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Golf fans face first ever smoke-free U.S. Open

Spectators at the U.S. Open had better keep their butts off Torrey Pines Golf Course: No smoking allowed.


Spectators at the U.S. Open had better keep their butts off Torrey Pines Golf Course: No smoking allowed.

To both the delight and indignation of the gallery, the 108th Open starting today will be golf’s first smoke-free major.

“Woo-hoo!” hollered Jill Kulper, of Sacramento, attending the tournament with her husband and young children. “Now we don’t have to move away from a good spot when somebody starts smoking a stogie.”

Never mind that golf and cigars go together almost like cake and ice cream. Spectators caught smoking — cigarettes or cigars — face up to a $100 US fine.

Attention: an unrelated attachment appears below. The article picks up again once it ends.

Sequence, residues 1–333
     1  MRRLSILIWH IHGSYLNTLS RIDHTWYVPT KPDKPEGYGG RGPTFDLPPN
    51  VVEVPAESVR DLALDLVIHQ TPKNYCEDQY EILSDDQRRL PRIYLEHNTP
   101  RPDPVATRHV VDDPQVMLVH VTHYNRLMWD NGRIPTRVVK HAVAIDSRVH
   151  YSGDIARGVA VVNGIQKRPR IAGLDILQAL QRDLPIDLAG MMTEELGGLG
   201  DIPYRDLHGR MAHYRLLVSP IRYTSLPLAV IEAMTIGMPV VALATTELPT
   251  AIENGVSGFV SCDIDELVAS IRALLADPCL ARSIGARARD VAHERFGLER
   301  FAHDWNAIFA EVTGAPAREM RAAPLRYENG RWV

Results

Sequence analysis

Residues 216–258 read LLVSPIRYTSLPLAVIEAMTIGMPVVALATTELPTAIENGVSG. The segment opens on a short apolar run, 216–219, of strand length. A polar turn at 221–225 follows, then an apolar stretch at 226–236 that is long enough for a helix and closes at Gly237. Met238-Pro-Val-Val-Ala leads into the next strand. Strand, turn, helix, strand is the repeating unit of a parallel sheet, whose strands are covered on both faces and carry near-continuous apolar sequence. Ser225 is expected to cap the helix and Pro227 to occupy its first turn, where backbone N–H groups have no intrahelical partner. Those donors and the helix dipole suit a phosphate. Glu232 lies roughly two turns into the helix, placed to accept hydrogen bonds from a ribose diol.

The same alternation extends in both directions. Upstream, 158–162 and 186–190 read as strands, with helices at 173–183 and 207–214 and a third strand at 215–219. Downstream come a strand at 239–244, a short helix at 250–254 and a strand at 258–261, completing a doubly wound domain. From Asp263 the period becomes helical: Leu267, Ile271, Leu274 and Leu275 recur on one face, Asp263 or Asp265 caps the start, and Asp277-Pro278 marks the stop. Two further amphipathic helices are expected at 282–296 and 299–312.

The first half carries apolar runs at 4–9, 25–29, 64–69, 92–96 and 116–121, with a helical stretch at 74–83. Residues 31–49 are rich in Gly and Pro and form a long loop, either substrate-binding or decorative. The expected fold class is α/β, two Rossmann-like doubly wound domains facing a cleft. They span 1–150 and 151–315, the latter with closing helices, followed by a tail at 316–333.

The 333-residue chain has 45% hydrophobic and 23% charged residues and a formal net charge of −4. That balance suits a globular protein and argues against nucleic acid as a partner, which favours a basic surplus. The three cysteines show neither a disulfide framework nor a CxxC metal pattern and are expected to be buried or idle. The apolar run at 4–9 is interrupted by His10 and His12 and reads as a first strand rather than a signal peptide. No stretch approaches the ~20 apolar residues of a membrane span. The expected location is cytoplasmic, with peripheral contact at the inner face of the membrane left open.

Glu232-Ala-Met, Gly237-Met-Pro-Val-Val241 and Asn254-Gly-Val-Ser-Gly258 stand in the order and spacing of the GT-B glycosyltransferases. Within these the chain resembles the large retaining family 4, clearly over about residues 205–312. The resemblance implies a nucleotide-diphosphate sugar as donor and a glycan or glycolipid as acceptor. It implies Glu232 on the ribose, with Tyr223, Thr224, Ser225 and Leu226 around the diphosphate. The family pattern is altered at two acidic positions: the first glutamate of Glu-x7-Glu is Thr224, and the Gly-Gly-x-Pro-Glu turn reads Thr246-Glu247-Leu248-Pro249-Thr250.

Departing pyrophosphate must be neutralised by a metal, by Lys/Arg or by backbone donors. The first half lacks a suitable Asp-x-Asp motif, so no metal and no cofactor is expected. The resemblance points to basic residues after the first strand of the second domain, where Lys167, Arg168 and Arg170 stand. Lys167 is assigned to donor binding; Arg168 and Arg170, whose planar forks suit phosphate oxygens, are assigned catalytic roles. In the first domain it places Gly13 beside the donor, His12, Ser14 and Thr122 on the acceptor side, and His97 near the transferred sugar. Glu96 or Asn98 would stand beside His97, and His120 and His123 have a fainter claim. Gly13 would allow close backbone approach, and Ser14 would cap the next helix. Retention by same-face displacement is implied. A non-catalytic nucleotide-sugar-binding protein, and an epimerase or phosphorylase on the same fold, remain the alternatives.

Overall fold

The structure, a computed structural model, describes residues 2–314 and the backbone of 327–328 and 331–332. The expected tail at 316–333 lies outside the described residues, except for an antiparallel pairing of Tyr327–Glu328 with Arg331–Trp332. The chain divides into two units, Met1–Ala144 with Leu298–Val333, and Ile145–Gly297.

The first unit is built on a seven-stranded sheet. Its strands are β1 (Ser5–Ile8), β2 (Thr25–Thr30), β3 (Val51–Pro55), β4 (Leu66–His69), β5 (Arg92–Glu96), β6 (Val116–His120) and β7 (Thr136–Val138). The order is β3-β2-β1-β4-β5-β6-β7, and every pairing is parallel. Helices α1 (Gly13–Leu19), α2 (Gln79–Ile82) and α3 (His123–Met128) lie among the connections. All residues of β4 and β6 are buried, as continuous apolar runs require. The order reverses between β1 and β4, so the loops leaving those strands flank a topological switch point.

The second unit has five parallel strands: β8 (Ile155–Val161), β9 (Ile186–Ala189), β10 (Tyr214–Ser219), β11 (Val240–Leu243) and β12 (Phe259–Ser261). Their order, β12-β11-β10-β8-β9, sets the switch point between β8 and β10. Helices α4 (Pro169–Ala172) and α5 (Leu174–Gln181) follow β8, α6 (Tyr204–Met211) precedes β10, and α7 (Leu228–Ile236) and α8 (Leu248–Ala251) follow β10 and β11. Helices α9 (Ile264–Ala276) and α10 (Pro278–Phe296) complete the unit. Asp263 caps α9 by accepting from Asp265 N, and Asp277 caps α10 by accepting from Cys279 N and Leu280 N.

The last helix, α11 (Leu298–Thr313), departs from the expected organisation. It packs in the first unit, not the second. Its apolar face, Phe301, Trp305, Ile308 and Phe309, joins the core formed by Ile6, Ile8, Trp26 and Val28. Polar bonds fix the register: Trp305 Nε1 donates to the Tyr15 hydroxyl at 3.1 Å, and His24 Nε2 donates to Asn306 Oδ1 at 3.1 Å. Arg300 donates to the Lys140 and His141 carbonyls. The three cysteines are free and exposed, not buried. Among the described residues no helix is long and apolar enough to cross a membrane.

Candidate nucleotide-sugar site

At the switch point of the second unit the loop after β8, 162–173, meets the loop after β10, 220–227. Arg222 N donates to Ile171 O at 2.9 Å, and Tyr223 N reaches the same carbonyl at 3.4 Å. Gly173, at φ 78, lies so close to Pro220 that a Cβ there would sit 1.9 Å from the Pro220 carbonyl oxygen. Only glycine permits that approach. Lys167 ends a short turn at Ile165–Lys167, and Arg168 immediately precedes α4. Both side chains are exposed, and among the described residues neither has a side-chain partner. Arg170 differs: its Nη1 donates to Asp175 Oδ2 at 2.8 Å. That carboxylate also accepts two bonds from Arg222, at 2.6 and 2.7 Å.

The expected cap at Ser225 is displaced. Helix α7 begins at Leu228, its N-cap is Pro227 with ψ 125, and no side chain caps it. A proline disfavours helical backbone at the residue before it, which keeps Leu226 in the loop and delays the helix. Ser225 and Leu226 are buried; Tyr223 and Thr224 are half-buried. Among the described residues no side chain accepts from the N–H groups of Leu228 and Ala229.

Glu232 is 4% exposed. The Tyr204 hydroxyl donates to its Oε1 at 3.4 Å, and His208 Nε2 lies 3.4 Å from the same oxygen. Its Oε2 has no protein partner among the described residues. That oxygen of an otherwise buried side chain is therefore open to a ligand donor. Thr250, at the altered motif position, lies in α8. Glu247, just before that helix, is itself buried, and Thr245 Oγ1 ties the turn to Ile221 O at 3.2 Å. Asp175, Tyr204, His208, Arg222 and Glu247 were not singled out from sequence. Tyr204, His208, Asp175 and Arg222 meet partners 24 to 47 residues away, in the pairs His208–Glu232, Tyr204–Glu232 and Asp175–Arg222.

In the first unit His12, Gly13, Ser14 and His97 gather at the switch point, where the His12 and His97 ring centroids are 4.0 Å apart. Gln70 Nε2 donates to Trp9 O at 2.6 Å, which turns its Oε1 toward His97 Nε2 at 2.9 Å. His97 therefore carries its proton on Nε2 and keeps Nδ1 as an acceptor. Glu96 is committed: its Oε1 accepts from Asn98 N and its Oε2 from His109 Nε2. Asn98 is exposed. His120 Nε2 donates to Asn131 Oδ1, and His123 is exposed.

“I sympathize with them. I don’t think it’s fair,” Spain’s Miguel Angel Jimenez, one of the European Tour’s top players and a cigar aficionado, said after puffing his way through a practice round yesterday.

“I don’t see what’s the problem. Why not make everyone ride a bike here instead of driving their cars? We’re in open space. I thought we were supposed to have freedom to do what we want.”
Well, he does.

The U.S. Golf Association sought exemptions for everyone, including spectators, at Torrey Pines after San Diego officials banned smoking at its beaches, city parks and municipal golf courses in 2006, said Reg Jones, managing director for the U.S. Open.

The city rejected that request but did agree to exempt the players, their caddies and others inside the ropes that keep spectators off the course.

 
 
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